19 Jan 2023
19 Jan 2023
Status: this preprint is currently under review for the journal ACP.

Aircraft-based mass balance estimate of methane emissions from offshore gas facilities in the Southern North Sea

Magdalena Pühl1, Anke Roiger1, Alina Fiehn1, Alan M. Gorchov Negron2, Eric A. Kort2, Stefan Schwietzke3, Ignacio Pisso4, Amy Foulds5, James Lee6, James L. France3,7,8, Anna E. Jones7, Dave Lowry8, Rebecca E. Fisher8, Langwen Huang5, Jacob Shaw5, Prudence Bateson5, Stephen Andrews6, Stuart Young6, Pamela Dominutti9, Tom Lachlan-Cope7, Alexandra Weiss7, and Grant Allen5 Magdalena Pühl et al.
  • 1Deutsches Zentrum für Luft- und Raumfahrt (DLR), Institut für Physik der Atmosphäre, Oberpfaffenhofen, Germany
  • 2Department of Climate and Space Sciences and Engineering, University of Michigan, Ann Arbor, MI, USA
  • 3Environmental Defense Fund, Berlin, Germany
  • 4Norwegian Institute for Air Research (NILU), Kjeller, Norway
  • 5Department of Earth and Environmental Science, University of Manchester, Manchester, M13 9PL, UK
  • 6National Centre for Atmospheric Science, University of York, York, YO10 5DQ, UK
  • 7British Antarctic Survey, Natural Environment Research Council, Cambridge CB3 0ET, UK
  • 8Department of Earth Sciences, Royal Holloway, University of London, Egham TW20 0EX, UK
  • 9Université Grenoble Alpes, UMR 5001, CNRS, IRD, Grenoble, 38000, France

Abstract. Atmospheric methane (CH4) concentrations have more than doubled since the beginning of the industrial age, making CH4 the second most important anthropogenic greenhouse gas after carbon dioxide (CO2). The oil and gas sector represent one of the major anthropogenic CH4 emitters as it is estimated to account for 22 % of global anthropogenic CH4 emissions. An airborne field campaign was conducted in April–May 2019 to study CH4 emissions from offshore gas facilities in the Southern North Sea with the aim to derive emission estimates using a top-down (measurement-led) approach. We present CH4 fluxes for six UK and five Dutch offshore platforms/platform complexes using the well-established mass balance flux method. We identify specific gas production emissions and emission processes (venting/fugitive or flaring/combustion) using observations of co-emitted ethane (C2H6) and CO2. We compare our top-down estimated fluxes with a ship-based top-down study in the Dutch sector and with bottom-up estimates from a globally gridded annual inventory, UK national annual point-source inventories, and with operator-based reporting for individual Dutch facilities. In this study, we find that all inventories, except for the operator-based facility-level reporting, underestimate measured emissions, with the largest discrepancy observed with the globally gridded inventory. Individual facility reporting, as available for Dutch sites for the specific survey date, shows better agreement with our measurement-based estimates. For all sampled Dutch installations together, we find that our estimated flux of (122.7 ± 9.7) kg h-1 deviates by a factor 0.7 (0.35–12) from reported values (183.1 kg h-1). Comparisons with aircraft observations in two other offshore regions (Norwegian Sea and Gulf of Mexico) show that measured, absolute facility-level emission rates agree with the general distribution found in other offshore basins despite different production types (oil, gas) and gas production rates, which vary by two orders of magnitude. Therefore, mitigation is warranted equally across geographies.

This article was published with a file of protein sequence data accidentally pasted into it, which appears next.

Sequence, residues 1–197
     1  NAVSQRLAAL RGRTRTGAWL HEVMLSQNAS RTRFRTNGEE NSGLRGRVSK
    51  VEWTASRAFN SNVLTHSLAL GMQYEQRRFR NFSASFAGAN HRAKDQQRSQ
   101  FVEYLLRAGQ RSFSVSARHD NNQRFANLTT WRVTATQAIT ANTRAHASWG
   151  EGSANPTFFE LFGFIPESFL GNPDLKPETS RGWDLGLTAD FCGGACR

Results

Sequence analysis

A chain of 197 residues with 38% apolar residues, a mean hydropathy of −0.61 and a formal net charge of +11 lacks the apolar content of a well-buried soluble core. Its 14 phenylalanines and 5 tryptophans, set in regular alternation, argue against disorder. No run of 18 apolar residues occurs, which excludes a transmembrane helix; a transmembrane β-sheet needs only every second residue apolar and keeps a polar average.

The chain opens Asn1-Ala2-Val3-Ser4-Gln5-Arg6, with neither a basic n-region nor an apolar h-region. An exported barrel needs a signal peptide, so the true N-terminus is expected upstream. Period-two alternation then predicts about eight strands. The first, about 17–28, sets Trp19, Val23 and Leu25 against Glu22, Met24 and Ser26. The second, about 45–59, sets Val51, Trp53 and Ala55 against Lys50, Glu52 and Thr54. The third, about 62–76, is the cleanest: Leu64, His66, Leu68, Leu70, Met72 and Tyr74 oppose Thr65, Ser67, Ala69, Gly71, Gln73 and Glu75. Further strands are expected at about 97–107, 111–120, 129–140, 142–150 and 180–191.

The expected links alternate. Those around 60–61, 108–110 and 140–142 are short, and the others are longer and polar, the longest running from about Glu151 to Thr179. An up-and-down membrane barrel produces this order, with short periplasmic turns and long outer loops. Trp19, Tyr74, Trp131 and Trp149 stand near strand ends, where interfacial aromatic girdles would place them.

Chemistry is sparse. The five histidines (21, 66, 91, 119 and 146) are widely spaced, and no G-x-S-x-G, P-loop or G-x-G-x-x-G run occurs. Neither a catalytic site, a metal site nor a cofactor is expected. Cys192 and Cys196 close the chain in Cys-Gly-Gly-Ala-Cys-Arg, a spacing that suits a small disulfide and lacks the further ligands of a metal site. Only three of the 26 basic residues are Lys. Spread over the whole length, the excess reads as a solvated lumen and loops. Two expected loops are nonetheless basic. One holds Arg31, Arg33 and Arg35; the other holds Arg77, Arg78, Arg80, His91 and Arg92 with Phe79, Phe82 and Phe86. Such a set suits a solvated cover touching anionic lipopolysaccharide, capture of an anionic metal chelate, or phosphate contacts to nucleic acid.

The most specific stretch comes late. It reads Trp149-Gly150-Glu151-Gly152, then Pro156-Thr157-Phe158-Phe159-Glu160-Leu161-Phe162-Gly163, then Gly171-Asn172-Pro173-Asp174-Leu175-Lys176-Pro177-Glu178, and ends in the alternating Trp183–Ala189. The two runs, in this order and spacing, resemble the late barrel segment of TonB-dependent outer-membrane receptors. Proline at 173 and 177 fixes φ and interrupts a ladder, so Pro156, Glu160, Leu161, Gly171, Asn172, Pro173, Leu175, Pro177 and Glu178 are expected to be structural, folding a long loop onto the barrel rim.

Magdalena Pühl et al.

Status: open (until 02 Mar 2023)

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Magdalena Pühl et al.

Magdalena Pühl et al.


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Short summary
In April–May 2019 we carried out an airborne field campaign in the Southern North Sea with the aim to study methane emissions of offshore gas installations. We determine methane emissions from elevated methane measured downstream of the sampled installations. We compare our measured methane emissions with estimated methane emissions from national and global annual inventories. As a result, we find inconsistencies of inventories and large discrepancies between measurements and inventories.